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Council approves zoning change for Children's Hospital expansion

Several dozen houses in Avondale -- abandoned or occupied -- near Cincinnati Children's Hospital Medical Center bear this uniform sign. This house is 338 Hearne Ave. (Source: The Enquirer/Mark Curnutte) Several dozen houses in Avondale -- abandoned or occupied -- near Cincinnati Children's Hospital Medical Center bear this uniform sign. This house is 338 Hearne Ave. (Source: The Enquirer/Mark Curnutte)

City Council voted 6-3 Wednesday to approve required zoning changes that allow Children's Hospital's 10-story expansion in Avondale to go forward.

Voting yes were Vice Mayor David Mann and Council members Kevin Flynn, Amy Murray, P.G. Sittenfeld, Christopher Smitherman and Chris Seelbach, according to our partners at the Cincinnati Enquirer

No votes were cast by members Wendell Young, Yvette Simpson and Charlie Winburn.

About 25 minutes of testimony from neighborhood residents and Children's President and CEO Michael Fisher took place before Council member comments and the vote.

Original story: Walk the streets of Avondale near Children's Hospital and, last-minute political complications or not, irreversible changes are well under way.

There's no turning back on the hospital's 10-story, $550 million expansion.

Dozens of houses sit empty on the streets just north of Children's, interspersed with empty lots where buildings have already been torn down.

Two houses on the north side of Erkenbrecher Avenue are construction offices, and a third former residence a block away on Hearne Avenue is the office of a local firm hired by Children's as its on-site property manager.

Daytime on-street parking, the result of too few garage spaces for Children's 15,000 employees, chokes Hearne, Wilson and parts of Northern avenues.

City Council will vote Wednesday morning on zoning changes necessary for Cincinnati Children's Hospital Medical Center to build its 150-bed, 600,000-square-foot addition. Plans call for the expansion to spill across Erkenbrecher into Avondale and transform a four-acre swath of historic homes into a high-tech pediatric care center.

Council was scheduled to vote last week on zoning changes but could not because council members Yvette Simpson, Wendell Young and Charlie Winburn were absent.

Six council members have said they are willing to approve the zoning alteration: David Mann, P.G. Sittenfeld, Chris Seelbach, Christopher Smitherman, Kevin Flynn and Amy Murray. Mayor John Cranley also supports the expansion plan.

On Monday, Simpson and Young proposed an amendment to the zoning change to compel Children's to contribute more money to the residential neighborhood to salvage housing and support economic development. City Council also will consider that amendment Wednesday.

Late Tuesday, Children's President and CEO Michael Fisher sent an eight-page letter to Cranley and Council members opposing the Simpson/Young motion. It "was not raised in any previous session, came as a complete surprise, is highly disappointing, and is not acceptable," he wrote.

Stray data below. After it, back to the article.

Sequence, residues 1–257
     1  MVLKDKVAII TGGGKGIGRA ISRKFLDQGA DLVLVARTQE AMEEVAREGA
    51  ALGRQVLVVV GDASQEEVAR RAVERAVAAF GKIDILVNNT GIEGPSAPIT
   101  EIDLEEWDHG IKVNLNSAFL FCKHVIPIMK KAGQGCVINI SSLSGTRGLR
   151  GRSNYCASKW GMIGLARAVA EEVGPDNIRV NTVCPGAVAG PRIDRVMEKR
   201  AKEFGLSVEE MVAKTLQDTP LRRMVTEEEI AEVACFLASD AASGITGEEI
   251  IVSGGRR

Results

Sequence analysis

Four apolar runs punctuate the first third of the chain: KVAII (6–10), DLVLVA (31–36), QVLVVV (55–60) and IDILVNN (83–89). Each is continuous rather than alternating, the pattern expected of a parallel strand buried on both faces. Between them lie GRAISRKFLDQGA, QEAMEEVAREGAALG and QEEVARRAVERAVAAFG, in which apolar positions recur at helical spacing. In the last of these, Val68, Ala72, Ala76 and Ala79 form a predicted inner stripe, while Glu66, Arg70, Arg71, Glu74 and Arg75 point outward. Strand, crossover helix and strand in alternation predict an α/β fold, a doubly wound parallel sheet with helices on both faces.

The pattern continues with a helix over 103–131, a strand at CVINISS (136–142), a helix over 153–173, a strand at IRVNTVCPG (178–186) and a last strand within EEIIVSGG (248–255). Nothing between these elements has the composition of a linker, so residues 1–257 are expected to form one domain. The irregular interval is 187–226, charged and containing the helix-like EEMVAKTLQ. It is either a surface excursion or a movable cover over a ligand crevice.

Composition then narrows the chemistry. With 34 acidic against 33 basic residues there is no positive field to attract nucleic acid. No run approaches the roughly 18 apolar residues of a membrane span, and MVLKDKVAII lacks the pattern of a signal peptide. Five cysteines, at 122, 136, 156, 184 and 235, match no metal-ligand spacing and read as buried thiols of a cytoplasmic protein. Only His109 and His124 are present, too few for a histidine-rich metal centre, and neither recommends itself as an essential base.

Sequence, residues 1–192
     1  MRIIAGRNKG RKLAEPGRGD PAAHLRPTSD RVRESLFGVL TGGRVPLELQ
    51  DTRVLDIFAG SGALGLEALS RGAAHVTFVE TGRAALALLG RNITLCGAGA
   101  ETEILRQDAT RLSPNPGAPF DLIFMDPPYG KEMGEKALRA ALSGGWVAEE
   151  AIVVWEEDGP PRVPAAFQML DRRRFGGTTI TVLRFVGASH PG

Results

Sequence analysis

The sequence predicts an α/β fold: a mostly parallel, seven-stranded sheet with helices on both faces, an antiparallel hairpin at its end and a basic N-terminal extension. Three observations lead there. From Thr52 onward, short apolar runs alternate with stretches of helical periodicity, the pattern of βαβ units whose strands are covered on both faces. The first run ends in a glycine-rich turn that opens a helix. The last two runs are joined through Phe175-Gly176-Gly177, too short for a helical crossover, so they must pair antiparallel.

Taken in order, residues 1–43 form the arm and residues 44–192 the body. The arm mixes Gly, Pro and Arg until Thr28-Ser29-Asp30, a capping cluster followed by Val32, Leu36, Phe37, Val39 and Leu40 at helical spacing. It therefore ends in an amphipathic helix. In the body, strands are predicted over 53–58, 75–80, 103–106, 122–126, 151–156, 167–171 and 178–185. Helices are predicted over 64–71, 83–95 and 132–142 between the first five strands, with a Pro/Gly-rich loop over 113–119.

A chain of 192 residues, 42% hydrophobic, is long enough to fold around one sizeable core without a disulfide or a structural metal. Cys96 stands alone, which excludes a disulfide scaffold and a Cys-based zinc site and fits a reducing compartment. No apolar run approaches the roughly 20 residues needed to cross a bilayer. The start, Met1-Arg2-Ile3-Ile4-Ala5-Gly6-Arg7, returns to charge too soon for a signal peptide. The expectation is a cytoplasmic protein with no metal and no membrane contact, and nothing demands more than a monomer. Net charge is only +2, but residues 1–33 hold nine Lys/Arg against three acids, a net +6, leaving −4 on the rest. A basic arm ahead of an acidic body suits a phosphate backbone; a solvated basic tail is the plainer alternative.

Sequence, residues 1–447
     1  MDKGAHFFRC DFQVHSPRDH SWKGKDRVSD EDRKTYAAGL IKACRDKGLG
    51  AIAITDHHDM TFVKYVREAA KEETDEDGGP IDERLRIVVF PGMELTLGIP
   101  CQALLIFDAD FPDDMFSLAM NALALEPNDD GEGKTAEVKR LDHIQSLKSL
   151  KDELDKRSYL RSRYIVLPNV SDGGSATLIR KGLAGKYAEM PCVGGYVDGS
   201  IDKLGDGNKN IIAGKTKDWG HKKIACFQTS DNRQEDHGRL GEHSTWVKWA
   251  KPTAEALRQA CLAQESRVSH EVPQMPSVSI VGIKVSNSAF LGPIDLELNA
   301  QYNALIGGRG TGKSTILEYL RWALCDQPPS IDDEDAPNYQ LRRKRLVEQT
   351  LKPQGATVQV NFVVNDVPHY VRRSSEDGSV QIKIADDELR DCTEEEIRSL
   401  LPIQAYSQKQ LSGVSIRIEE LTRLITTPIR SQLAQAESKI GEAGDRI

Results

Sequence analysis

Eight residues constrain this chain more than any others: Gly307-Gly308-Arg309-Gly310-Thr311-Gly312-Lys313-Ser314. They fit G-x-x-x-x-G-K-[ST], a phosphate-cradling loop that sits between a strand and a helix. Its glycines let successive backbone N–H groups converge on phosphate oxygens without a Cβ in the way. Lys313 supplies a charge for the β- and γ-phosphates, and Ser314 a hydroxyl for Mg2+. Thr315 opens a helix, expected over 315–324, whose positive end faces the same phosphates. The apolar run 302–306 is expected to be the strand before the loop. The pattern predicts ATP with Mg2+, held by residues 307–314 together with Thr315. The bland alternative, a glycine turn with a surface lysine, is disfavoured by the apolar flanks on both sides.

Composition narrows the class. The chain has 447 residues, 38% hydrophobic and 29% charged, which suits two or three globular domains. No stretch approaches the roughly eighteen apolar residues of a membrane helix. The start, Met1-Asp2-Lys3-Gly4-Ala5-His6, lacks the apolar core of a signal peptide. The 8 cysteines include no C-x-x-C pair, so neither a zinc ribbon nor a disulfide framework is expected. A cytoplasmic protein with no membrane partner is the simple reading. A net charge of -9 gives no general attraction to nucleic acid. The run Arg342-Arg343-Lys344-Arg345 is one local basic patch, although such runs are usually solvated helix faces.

Fisher also detailed the hospital's efforts to include the community in expansion planning for the past three years, and noted that no city money has been requested for the massive project.

Away from political maneuvering, the inevitability of the expansion could be felt in the neighborhood adjacent to the hospital Tuesday.

Michael Stewart, 65, moved to his home on Northern Avenue 61 years ago, wife Cheryl Stewart said. He and his family had been displaced from their home on Mound Street in the West End by Interstate 75 construction. Now, he is in the path of progress again.

The Hamilton County auditor's website lists the total market value of the home at $75,000. Cheryl Stewart said an African-American real estate agent has offered them $125,000.

"We know eventually it's all going to go," she said while sitting on her front porch.

Her son and two grandsons live on the first floor of the house, which has 3,300 square feet of living space.

"I am concerned about the dust and air quality once all of this starts," Stewart said. "Things have changed dramatically. I'm at the point where they can have it. My husband has a figure in his head. If they give it to him, he's gone."

Next door, four generations of John Davis' family live. Davis, 84, just renovated the home's inside and has no plans to sell, said his grandson, Archie Dale Davis, 33. He said he is a community organizer and washes cars.

"It's all I know, for all of my 33 years," Archie Davis said while walking his dog, Pepper, a Pomeranian-Chihuahua mix.

"It is OK now. A few years ago they pushed the drug boys down here from Burnet (Avenue). Now they're back up there. It's been hard, a little. We've had Children's and Cincinnati Zoo people coming at us for two years."

This report was published by Mark Curnette and Anne Saker, Cincinnati Enquirer.

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